LONDON (Reuters) - Quitting the EU could leave British households up to 960 pounds ($1,260) worse off each year, according to a report.
Households will face higher prices as they absorb costs from labour changes, tariffs, and red tape, it said, whilst consumer businesses could see profits slump by 1-4 percent.
The report by consulting firm Oliver Wyman focused on five different Brexit scenarios, where the size of the annual economic impact would vary between 245 and 960 pounds depending on whether the UK avoids EU tariffs.
The most costly scenario was predicted to be a deal where the UK reverted to World Trade Organisation (WTO) most-favoured nation (MFN) import tariffs, leaving the EU Customs Union and its Single Market.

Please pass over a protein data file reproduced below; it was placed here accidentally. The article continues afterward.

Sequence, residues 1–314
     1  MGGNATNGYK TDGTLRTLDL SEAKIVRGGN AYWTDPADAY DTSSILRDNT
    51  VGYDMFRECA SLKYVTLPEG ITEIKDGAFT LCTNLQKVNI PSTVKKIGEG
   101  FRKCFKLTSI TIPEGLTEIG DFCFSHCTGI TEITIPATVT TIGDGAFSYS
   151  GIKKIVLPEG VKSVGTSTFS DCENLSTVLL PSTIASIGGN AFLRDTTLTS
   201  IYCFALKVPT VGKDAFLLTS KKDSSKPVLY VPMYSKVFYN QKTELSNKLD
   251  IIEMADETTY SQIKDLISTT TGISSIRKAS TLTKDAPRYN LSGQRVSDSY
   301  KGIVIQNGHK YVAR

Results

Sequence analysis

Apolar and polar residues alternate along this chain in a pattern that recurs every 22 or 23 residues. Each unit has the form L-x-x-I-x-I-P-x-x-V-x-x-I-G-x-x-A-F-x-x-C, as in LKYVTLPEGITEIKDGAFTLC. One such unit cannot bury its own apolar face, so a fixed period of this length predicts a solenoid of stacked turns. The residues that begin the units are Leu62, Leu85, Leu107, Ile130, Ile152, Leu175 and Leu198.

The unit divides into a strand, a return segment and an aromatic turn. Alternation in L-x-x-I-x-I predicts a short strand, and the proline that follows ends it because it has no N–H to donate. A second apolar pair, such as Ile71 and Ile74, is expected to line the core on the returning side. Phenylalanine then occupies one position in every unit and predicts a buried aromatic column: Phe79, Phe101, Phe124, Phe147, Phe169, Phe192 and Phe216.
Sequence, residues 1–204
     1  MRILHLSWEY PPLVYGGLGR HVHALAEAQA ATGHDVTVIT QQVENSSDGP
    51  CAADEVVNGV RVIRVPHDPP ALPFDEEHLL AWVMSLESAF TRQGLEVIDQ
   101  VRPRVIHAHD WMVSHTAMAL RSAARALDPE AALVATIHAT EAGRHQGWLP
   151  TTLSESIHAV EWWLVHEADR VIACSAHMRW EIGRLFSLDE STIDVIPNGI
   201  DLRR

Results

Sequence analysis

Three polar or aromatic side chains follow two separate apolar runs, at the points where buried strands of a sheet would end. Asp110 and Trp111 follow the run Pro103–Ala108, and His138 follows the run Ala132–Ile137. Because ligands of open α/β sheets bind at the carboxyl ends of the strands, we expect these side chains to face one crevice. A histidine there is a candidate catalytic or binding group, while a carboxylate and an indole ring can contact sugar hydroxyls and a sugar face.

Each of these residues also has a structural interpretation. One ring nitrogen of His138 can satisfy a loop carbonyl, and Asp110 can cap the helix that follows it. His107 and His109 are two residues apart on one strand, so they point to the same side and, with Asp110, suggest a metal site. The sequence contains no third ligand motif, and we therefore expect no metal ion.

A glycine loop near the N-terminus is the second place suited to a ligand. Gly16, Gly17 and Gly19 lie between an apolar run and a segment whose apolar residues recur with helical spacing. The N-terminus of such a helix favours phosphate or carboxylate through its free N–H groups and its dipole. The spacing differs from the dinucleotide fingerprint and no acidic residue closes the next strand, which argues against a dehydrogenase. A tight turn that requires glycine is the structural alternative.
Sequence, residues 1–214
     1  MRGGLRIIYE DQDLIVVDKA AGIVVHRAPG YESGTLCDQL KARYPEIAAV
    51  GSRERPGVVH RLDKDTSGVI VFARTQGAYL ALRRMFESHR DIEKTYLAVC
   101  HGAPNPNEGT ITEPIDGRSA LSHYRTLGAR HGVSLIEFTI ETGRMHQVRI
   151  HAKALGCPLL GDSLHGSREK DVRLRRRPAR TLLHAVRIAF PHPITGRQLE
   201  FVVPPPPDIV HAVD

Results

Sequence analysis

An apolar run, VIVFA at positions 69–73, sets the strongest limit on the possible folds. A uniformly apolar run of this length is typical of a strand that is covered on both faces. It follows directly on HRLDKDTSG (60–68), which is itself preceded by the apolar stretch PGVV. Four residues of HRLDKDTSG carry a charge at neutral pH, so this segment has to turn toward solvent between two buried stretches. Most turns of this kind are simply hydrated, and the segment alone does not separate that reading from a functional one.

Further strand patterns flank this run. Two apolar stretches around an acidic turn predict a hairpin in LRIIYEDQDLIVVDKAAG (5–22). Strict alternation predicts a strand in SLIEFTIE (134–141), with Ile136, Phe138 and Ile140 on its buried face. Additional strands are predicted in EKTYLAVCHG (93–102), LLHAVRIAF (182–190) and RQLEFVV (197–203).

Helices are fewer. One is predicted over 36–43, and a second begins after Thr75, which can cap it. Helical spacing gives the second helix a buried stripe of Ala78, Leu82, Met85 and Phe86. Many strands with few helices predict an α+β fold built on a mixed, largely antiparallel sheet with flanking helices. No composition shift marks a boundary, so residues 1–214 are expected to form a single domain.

Consumer prices could be affected further by a devaluation of the pound and the likelihood that free trade deals with non-EU countries would fail adequately to mitigate the impact on households, the report said.
Two months ago, a report by the House of Lords European Union Committee said food prices are likely to rise after Brexit if no trade agreement with the EU is reached, and that there could be shortages of some products.
Reporting by Isabel Woodford; editing by Stephen Addison